Spinning attacks are a particularly touchy subject in Muay Thai. Some individuals claim that they are both dangerous and ineffective in sparring and competitions. Some even claim that they are unconditionally beneficial procedures that they swear by.
They’re highly entertaining, even if you don’t know how to throw them. Regardless of the method, they’re both fascinating to watch and attempt. Their frequency of landing and even knocking fighters out is compelling enough to argue that they are effective. So, let’s get into Muay Thai’s spinning attacks!
Spinning Backfist/Hammer fist
Let’s look at both of these approaches since both are alike. The spinning backfist/hammer fist is a move that you’ve undoubtedly seen before. As he spins around, the fighter extends their arm fully in order to aim for their fist with the opponent.
A popular spot is your opponent’s temple or jawline. You should ensure you go through the target and not just land on it. The only distinction between the spinning back fist and the spinning hammer fist is where your hand hits the surface. The rear of your hand is where a back fish occurs.
A spinning back fist can be difficult to land. When you spin, make sure your thumb is pointing upwards towards the sky or the ceiling when you throw. This will have you fall on the top of your knuckles.
When you spin your hand for a spinning hammer fist, keep your thumb toward the side. Your assault will fall on the side of your fist when you do this.
The spinning hammer fist is often considered to be more powerful and destructive than the spinning back fist. The disadvantage is that the spinning hammer fist is more likely to harm the person throwing it, with less hand and glove protection than a standard boxing glove.
Consider this when determining which aspect of your technique you should focus on, more power or greater protection?
The spinning elbow is a golden Muay Thai technique that works similarly to a spinning back fist. The only way to defend yourself is not to extend your arm, but rather just point your elbow. The spinning elbow is the shortest-range spinning attack on this list because you don’t extend your arm.
The spinning elbow is identical to the spinning back fist in terms of application. Spin until you reach your opponent and make sure not to just hit it. The spin can also leave you very close to your opponent, so be prepared to follow up or move fast. Clinching after this is also a viable strategy.
Spinning Back Kicks
Now we’ll look at spinning kicks. The spinning back kick is perhaps the most recognized spin attack. It’s simple to execute, but it’s difficult to get right. Throw the technique you’re learning by stepping to the inside of your lead leg and turning around and throwing a sidekick. Don’t let the term spinning put you off; this is a turning kick, not a spinning kick.
The secret to both of these moves is to throw your own sidekick correctly without spinning first, which will make learning the technique more simple. This kick can be used on the body or head, but it is more effective at the body. This technique to the head may be highly ineffective yet very dangerous, with a high-risk, high-reward profile.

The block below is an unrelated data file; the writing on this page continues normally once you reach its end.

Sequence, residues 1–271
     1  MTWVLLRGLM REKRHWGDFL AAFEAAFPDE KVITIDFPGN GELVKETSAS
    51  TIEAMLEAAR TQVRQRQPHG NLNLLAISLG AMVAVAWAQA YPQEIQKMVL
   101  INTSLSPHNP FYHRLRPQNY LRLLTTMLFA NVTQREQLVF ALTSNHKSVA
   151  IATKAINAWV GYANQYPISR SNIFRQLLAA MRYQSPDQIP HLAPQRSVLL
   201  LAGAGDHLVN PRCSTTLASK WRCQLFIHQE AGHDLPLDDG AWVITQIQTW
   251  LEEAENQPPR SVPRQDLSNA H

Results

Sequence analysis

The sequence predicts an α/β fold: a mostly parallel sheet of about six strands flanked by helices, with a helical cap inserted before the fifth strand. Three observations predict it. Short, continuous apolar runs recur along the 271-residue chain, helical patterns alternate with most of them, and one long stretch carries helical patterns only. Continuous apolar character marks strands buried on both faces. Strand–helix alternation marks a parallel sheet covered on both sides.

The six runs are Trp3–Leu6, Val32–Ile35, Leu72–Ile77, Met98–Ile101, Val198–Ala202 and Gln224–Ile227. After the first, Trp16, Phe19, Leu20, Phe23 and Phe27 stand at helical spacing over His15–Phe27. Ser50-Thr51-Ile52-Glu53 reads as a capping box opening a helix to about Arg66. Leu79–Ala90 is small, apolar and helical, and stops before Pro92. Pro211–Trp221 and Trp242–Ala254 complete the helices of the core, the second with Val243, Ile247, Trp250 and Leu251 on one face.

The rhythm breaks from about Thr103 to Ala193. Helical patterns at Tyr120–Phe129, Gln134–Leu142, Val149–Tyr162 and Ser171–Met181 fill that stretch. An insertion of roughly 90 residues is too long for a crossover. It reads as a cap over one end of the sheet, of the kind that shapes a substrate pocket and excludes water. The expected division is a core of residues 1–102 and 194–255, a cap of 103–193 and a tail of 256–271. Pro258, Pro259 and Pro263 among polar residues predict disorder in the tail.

If you’re performing this kick with the right leg, you can also strike your opponent’s liver, which can really cause damage.
Spinning Hook Kick
A spinning hook kick is a fighting style in which you throw your leg in an arc to land on the side of your opponent’s head. Instead of the rear kick, I suggest you utilize this method mostly to the head. Additionally, in terms of what spins there are, the name is correct since you should strive to go through your opponent when this technique lands.
It’s worth noting that this is a long-distance approach, and getting down the distance may be tough. Before attempting this method, you should learn how to execute a basic hook kick.
Tornado Kick/ Spinning Roundhouse Kick
The Tornado kick, which is similar to a spinning roundhouse kick, is one of the most difficult kicks to execute. The move itself is simply a roundhouse kick performed after a step inside and spin.
The first thing you should do is walk into the circle with all the spinning methods. Then as you turn back around, pivot on your lead leg and bring up your trailing leg, when facing your opponent again, spring slightly and deliver a roundhouse kick with what was formerly your leading leg.
This is a tough maneuver for many nak muays to learn at first, so I advised training it bit by bit. The kick can be utilized to the body, head, or feet, and it’s a fantastic highlight reel move.
Dangers of Muay Thai Spinning Attacks
As with all techniques, spinning attacks comes with their own dangers. One of the dangers of spinning techniques is that you can easily spin right into your opponent if you’re not careful.
Another danger is that a lot of these techniques are long-range and so it can be hard to get them in properly. This means that you can leave yourself open for a counterattack if it misses.
A third danger is that a lot of these techniques are high-risk, high-reward. This means that they have the potential to do a lot of damage but also leave you vulnerable if they don’t land properly.
Muay Thai spinning attacks can be a great way to surprise your opponent and take them down. With the right technique, you can easily knock them out with a spinning back fist or kick. However, as with all techniques, there are dangers associated with using spinning attacks. Be sure to take these into account when using them!
Muay Thai at MTK Gym
Are you curious to learn more about spinning attacks or at least some basic Muay Thai 101? Visit us at MTK Gym today to learn more about Muay Thai and the basics as well. With Muay Thai classes every day, you will surely become a Muay Thai pro in no time!
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